Minor League Depth — Middle Infield

For the most part, “middle infield prospect” means “shortstop prospect.” A player with the ability to play secondbase at the major league level will usually be able to play short at the amateur and minor league levels. As a result, most major league secondbaseman start off at shortstop. There may be a few players who are strictly prospects at secondbase. Generally, they’re players with good bats who are trying to hang on in the middle rather than move to a corner. The Pirates’ Jarek Cunningham is an obvious example. But most middle infield prospects in the minors are shortstops.

The Pirates’ policy has been to keep players at the most challenging position as long as possible, so they try to keep the real prospects at short. Right now, though, they have an abundance of middle infielders at some levels. They’ve addressed this either by prioritizing, putting the better prospect at short even if he’s not the better defensive player, or by shifting players between positions (sometimes including third). On the plus side, they have a lot of players who could be major leaguers if they take a step forward. On the minus side, they don’t have a blue chip middle infield prospect, especially not at short, and so need somebody to emerge from a deep pool of potential prospects.

Parentheses indicate that there’s a reasonable chance that the player may not open at that level.  An asterisk (*) indicates that the player is strictly a secondbaseman.

Indianapolis (AAA)

Chase d’Arnaud, Jordy Mercer, Anderson Hernandez, (Yamaico Navarro), (Brock Holt), (Josh Rodriguez), Brian Friday

The Pirates figure to have a logjam of infielders in AAA. The three with the best chance of making a contribution at the major league level this year are d’Arnaud, Mercer and Navarro.  Of the three, d’Arnaud probably has the best chance to be a regular in the majors because he has the best mix of skills, if he can get acclimated to the majors.  Navarro profiles most clearly as a utility player, as he’s shown a good bat with some power, but lacks defensive range.  D’Arnaud and Mercer will open the season in AAA due to a need for more development, while Navarro’s chances of making the major league roster went down when the team selected Gustavo Nunez in the Rule 5 draft.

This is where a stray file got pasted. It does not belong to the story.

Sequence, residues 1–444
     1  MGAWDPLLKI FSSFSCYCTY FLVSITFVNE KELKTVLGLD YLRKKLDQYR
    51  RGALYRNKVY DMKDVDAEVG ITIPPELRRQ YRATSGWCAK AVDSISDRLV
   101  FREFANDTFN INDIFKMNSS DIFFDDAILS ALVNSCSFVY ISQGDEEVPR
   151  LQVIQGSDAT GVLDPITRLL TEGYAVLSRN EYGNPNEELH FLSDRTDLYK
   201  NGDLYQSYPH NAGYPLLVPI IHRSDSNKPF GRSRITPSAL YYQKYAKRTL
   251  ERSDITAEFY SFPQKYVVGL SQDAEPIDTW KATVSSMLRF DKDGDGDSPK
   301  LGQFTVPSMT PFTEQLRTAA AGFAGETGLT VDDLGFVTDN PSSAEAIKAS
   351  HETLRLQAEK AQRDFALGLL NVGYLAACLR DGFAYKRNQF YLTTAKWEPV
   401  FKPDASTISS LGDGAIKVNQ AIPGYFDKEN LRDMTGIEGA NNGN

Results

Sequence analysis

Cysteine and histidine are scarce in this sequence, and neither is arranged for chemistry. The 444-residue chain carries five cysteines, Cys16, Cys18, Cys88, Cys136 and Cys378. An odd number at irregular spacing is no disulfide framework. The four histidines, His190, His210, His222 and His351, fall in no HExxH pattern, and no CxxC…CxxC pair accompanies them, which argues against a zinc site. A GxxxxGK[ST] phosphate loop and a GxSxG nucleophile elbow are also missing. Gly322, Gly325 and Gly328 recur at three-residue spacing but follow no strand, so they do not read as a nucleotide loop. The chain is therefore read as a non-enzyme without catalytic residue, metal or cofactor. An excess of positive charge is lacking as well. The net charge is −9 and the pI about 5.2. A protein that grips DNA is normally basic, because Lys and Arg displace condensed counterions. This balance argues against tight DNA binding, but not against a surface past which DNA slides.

Holt is another solid prospect who’s on the borderline between a potential everyday player and a possible utility player.  He had a good season in AA and earned a promotion, but could be forced back to Altoona if d’Arnaud, Mercer, Navarro and Josh Harrison are all in AAA. Rodriguez, last year’s Rule 5 pick who was re-acquired after the Pirates sent him back to Cleveland, had a mediocre season in AA after hitting well in AAA the year before. He’ll have trouble securing a spot in Indianapolis. The veteran Hernandez figures to provide depth in AAA. Friday, whose prospect status is a thing of the past, could be released and otherwise will serve as a utility player.

Of all the middle infielders likely to be in AAA, Mercer is probably the most accomplished shortstop, but the Pirates still regard d’Arnaud as having the most potential of their upper level infield prospects. The two of them are likely to get the bulk of the time at short, and are likely also to see time at second and third. Harrison, who probably will end up as the regular at third, may get time at second and possibly short as well. The team will have to find starts at different positions for any of the others who are in AAA.

Altoona (AA)

(Brock Holt), (Benji Gonzalez), (Josh Rodriguez), Adalberto Santos*, (Jarek Cunningham*), Greg Picart, Yunesky Sanchez